Alus! Tho full horror of the situa
tion could only be appreciated If one
knew tho history of their summer. It
had cost them 137.50 a day for papa,
mamma nnd daughter, two rooms und
bath, meals thrown In (or on), with a
fine view of the rhododendrons that
'masked tho garbage palls beyond the
lattice works that concealed the
Papa got the $37.50 n day as a great
concession below tho regular $40 price,
with n waiting list two yards long, be
cause his firm supplied the hotel with
cast Iron rcflttlngs and ho did not
neglect to tell his partner about It In
the first letter home after they were
settled the second week In August,
He made no mention of the fact that
the rooms were too small to hold the
family's trunks, that tho bath plus
didn't work, that there was only one
switch for the seven lights In the two
rooms and that It was necessary for
them all to bo on or else all out. Nor
did he repeat what ho often said to
. mumma that the workmen In his shoo
A - I . II..Ih nl,.IlA.a
nau oeiier niius n""'
Instead, he sent homo postal card re
productions of the ballroom and front
and sldo elevations of the hotel, which
was modelled after the Palais Itoval at
Mudrid, only "more modern." That Is,
there were o few Colonial pillars, some
French gargoyles, Swiss rafters, three
English turrets, a mission roof and a
-Jtcnalssance break In the porte cocherc.
Two and a half a day would have
been a good price for tho rooms nnd
' meals. Tho extra thlrty-flvo papa will
ingly paid for the very cxcluslvo char
acter of the locality and tho fact that
seven members of the Four Hund"
were supposed to stop there over night
when the yacht broke down on Its way
Mamma made no complaint on tna
size of the rooms, for tho closets were
big enough to hang forty dresses In.
She and daughter made four changes a
day, ns rapidly as possible, so thsy
could get back to the veranda and
enemy Is apt to relax his guard in
warm weather," wrote tho Vlcomte de
Turenne more than two centuries ago.
The Frenchman, of course, had no Idea
that, he was laying down a law on
which should depend the wonderful
growth and prosperity of the American
A social career being one long war
fare, the summer campaign has come
to be an Integral part of it. Then are
performed some of the most brilliant
manoeuvres; sudden flank attacks that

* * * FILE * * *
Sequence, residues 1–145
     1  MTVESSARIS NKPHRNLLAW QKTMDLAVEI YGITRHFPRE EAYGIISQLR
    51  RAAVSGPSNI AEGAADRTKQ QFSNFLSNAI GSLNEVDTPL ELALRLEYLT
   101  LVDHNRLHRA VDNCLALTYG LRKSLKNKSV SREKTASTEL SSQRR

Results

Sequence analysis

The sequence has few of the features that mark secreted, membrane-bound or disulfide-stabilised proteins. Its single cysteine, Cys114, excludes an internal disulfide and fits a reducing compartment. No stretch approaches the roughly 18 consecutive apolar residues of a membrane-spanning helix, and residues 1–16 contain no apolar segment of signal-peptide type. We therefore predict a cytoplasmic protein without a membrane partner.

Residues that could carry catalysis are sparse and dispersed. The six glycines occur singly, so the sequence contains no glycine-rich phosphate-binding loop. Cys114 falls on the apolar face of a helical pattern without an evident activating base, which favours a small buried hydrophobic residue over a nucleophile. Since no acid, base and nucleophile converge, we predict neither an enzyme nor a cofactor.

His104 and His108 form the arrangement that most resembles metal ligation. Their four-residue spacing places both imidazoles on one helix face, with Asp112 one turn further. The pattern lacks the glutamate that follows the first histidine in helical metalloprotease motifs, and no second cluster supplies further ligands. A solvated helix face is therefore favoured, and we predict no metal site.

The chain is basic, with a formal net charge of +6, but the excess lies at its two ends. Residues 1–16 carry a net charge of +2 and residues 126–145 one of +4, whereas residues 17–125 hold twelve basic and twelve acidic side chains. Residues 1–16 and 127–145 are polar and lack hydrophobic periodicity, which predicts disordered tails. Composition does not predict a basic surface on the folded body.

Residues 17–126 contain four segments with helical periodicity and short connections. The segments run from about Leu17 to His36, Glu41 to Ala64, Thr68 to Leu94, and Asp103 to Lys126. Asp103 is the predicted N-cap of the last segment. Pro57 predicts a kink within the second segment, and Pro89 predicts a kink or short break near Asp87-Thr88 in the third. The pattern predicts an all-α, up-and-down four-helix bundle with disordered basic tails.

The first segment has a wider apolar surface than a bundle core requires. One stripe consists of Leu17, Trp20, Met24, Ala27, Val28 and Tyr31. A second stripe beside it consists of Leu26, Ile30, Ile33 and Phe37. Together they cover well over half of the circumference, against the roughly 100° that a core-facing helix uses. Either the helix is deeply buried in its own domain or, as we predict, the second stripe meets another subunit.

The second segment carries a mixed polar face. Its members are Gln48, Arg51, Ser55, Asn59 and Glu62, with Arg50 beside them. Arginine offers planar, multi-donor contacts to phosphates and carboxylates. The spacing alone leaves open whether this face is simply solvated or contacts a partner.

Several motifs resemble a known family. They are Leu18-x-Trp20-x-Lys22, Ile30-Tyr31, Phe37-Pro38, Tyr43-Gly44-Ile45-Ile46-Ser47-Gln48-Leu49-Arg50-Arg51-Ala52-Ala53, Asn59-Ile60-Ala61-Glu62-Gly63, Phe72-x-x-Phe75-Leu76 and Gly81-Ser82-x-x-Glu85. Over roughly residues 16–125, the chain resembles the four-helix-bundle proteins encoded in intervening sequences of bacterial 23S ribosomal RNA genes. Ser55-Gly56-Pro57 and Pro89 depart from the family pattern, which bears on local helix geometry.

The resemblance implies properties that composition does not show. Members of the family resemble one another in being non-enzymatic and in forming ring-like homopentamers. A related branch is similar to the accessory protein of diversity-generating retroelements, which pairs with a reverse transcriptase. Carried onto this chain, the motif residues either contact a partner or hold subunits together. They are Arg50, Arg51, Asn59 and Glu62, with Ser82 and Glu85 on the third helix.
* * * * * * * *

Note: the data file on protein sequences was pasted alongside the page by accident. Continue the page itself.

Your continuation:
outwit a stolid defence, desperate frontal
assaults that leave tho old garrisons gasp
ing, and silent tunnelling that under
mines the fortress of privilege while
tho defenders arc relaxing with tho
lure of summer.
Like many another, tho worthy Cleve
land family had learned this basic truth.
The uninlttate and poor relations Im
agine they went away for a rest, Perish
tho thought! They work harder In
the summer than In the winter.
Climbers? Not at all! What a sordid
word! They are social Tannhausers
pursuing an Ideal. All their lives they
have strained and saved, denied, slaved
and dreamed. Now they ore nbout to
enter that heaven for which they havo
so long waited society!
After four weeks of careful attend
ance and the subsidy of the hairdresser,
tho manicure, the head waiter, tho night
clerk and tho assistant manager the
wonderful event occurred.
A great lady, pedigree undoubted, po
sition assured, actually spoke to mamma
and spoke graciously. In fact they
never Bpeak any other way except to
It came about through daughter's
wonderful good fortune In being able
to loan a cork floater to the daughter of
tho great lady. The great lady thanked
mamma, and even went as far as to
Inquire If mamma enjoyed tho bathing.
Mamma was so excited that sho has
never been sure what her answer was,
and papa thereafter was obliged thrice
dally to listen to a verbatim report of
the conversation. Mamma has always
nn old friendship, lie Invited to dinner,
spend th! night, exchange photographs
and explain all about the new heating
plant In the home In Cleveland.
Hut the great lady did not see them.
She moved on serenely, graciously, ele
gantly, as great lailles arc wont to do.
It was a terrible moment!
When papa heard about It his first
Impulse was to go forth and Insult the
great lady's husband, with the hope that
he might plant a (1st nn him sooner or
later. Hud he not vanquished the leader
of the strike in his shop with straight
lefts when ho was 307 Now, even If he
was CO, ho guessed ho would le a mutch
for any "polo playing, cigarette smok
ing Eastern dude"!